Ryan knows a little about stepping off the mound. Leave office, Ryan says, and "you're just another citizen of the United States."

When Bush last lived here full time, he was a media darling with sky-high approval ratings. Karl Rove had conducted a "front-porch campaign," inspired by the candidacy of William McKinley. Governor Bush waited for national GOP leaders to come to him at the stately white-columned governor's mansion in Austin. Republican rainmakers trooped up the steps and threw their support to Bush's presidential campaign.

Today, the mansion is in ruins—almost torched to the ground last June by an arsonist who still hasn't been caught. And the Bush brand, once spoken of in the halls of the legislature with awe, is now a little like Lord Voldemort's. "It is the name that shall not be spoken," says Texas political consultant Bill Miller, who has worked with both Democrats and Republicans. "The emotional response from people is almost always negative, never positive. It's a different time and a different deal."

Earlier this year a state lawmaker from Waco, which is close to Bush's ranch, proposed a bill praising the ex-president as a man who "lived each day with the safety and prosperity of his fellow citizens foremost in his mind; he took a principled stand on a wide range of issues of great importance to every American, and his tireless efforts will not soon be forgotten." Further, the measure held that Bush should be lauded for his "new antiterrorism tools."

It was similar to the thousands of salutes handed out every year without a whisper of opposition. But this one met with intense resistance by one Ft. Worth state representative, who said it seemed like Bush was being congratulated for "his waterboarding and other torture techniques." The original proposal was withdrawn, rewritten and resubmitted. At the last hearing on the bill in late April, no witnesses showed up to defend it or attack it. It now sits in limbo—a little like the person it was written for.

Only a little more than a month after leaving Washington, Bush dropped in to see students at Pershing Elementary near his new house in Dallas, according to a local blogger. He asked the grade-schoolers if they knew who he was. One student shouted: "George Washington!"

He quickly answered: "George Washington Bush."

Texas today is different from the heady place it was when Bush left. Unemployment is rising, and deepening recessions are predicted for some urban areas. And though it is still firmly a Republican state, the GOP holds just a two-seat lead in the Texas House. Obama secured 44 percent of the vote in Texas, improving on the 38 percent Kerry won when he ran against Bush in 2004. Navigating the changed terrain is tricky business for Bush and his handlers—one that involves carefully picking his spots.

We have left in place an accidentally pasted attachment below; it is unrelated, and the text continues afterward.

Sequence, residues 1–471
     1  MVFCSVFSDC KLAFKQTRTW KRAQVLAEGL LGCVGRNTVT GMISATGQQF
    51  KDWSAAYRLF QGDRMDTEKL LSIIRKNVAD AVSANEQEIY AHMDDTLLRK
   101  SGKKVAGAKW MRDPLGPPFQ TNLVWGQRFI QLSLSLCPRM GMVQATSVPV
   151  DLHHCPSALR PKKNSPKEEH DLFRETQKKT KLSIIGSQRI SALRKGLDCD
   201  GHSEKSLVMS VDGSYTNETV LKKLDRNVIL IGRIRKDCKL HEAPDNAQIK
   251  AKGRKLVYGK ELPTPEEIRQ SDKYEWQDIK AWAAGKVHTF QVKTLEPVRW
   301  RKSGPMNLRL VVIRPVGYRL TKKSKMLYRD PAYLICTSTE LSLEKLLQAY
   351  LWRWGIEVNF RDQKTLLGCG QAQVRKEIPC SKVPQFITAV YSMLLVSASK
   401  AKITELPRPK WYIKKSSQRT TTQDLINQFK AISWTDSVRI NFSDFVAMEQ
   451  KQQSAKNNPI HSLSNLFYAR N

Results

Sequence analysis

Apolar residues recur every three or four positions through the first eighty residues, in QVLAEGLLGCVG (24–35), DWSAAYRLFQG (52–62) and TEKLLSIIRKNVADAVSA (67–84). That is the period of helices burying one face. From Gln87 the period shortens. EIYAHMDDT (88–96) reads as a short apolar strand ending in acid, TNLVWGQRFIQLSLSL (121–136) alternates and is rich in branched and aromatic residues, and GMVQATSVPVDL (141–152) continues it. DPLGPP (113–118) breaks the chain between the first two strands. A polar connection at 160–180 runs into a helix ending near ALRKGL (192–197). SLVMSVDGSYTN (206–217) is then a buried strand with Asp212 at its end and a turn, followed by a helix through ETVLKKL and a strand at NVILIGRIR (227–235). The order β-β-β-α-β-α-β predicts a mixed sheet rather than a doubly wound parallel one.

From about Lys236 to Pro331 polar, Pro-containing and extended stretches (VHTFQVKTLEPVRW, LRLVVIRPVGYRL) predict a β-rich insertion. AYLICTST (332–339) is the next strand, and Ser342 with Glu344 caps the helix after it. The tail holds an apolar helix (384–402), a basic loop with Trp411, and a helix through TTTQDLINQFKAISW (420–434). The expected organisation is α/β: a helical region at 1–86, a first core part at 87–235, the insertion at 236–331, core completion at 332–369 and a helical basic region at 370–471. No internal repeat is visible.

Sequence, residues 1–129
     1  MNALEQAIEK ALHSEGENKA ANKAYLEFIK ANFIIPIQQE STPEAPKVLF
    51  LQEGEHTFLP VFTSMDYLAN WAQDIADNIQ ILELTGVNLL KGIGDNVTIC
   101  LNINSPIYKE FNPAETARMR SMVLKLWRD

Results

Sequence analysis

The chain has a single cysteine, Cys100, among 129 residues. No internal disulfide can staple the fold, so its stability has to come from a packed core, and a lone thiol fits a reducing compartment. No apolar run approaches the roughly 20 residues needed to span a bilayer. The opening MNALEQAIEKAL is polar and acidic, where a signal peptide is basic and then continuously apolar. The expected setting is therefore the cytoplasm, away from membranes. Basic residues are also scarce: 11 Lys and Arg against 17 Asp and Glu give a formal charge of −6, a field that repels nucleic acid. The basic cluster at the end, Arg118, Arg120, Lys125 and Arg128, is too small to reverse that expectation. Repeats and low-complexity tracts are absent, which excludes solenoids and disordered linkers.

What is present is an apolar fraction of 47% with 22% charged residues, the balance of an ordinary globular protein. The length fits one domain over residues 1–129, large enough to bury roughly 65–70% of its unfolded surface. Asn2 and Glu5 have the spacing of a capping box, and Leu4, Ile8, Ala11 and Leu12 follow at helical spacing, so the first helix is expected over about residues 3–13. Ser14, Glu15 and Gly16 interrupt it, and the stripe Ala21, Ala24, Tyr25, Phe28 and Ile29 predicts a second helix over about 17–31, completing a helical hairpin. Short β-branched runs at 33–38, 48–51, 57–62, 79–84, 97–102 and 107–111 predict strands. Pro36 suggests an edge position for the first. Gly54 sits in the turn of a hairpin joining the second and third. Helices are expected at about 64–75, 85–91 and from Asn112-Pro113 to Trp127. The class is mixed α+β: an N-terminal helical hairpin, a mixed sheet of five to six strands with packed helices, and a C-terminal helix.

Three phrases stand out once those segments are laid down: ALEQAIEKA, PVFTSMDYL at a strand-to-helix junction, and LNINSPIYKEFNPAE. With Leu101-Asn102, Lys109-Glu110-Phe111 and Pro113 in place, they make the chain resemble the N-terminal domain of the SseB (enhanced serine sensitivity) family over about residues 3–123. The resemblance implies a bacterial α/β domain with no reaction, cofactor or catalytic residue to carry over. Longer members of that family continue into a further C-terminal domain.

There has been resistance to the policy institute, or think tank, he's seeking to establish at Southern Methodist University. Critics see it as a place designed to burnish the Bush legacy, glossing over problems—and wounding the school's academic independence in the process. Defenders say it will be a forward-looking organization devoted to examining 21st-century global concerns.

A state district judge ordered Bush to give up to a six-hour deposition in a civil lawsuit claiming that SMU officials broke the law when they acquired and tore down a condominium complex to make room for his center. Bush's lawyers say they will appeal, and legal observers say it is highly unusual for sitting or former presidents to be compelled to testify in litigation.

Meanwhile, Bush has talked to a political-science class at SMU, worked out at the school's training facilities and met with old hands to plot strategy for his presidential center. "It seems that former president Bush is always on campus," says student-body president-elect Patrick Kobler. "Though I may not agree with every policy he put forth, I believe that he led from the heart, meaning he looked beyond what was considered popular and instead did what he thought was right."

He has set up an office in North Dallas, where, friends say, he is deeply enmeshed in his memoirs. The book will revolve around key decisions of his presidency—and of his life before Washington, such as when, at 40, he stopped drinking. "I know he is working on his book," says billionaire Tom Hicks, his longtime friend. "I get the sense that he has the confidence that history will judge him a lot better than The New York Times or the current media does."

Hicks, who made Bush a wealthy man by buying the Rangers from his ownership group, helped the Bushes get settled in their spot on Daria Place—right next door to his estate. Another Texas billionaire, Harold Simmons, a major player in the world's titanium supply, is nearby; Simmons helped bankroll the Swift Boat campaign against John Kerry. The men who helped give Bush the platform, the money and the political muscle to win his various campaigns are within easy walking distance of his new front porch.

Fred Meyer, former chairman of the Texas GOP, was on hand at Ellington Airport in Houston when Bush's father came home. "And there were not a lot of us there," Meyer says, contrasting the reception with the "gang" present for 43's return. An ailing economy had dampened enthusiasm for the father. But 41's approval ratings had rebounded to 56 percent by the time he jetted to Houston, and he was buoyed by the many friends he'd made over the course of a long career. Larry Temple, formerly special counsel to Lyndon Johnson, says the vibe surrounding 43's return is different. "I see people reliving [George W.] Bush's presidency. There is a lingering dissatisfaction. It may be the war, it may be the residual effects of the economy," he says.

"Presidents don't get a full and fair hearing until everyone who was alive when they were alive is dead and so are they," says UT's Buchanan. It will take time.

The waiting must be hard on Bush, a man still bristling with a jangly, kinetic energy at 62. One day in Dallas, according to a local blog, he visited Pershing Elementary and a parent asked him to consider coming to work at the school's haunted-house carnival.

"I'd make a good ghost," Bush replied.
WithAnne Belli Perez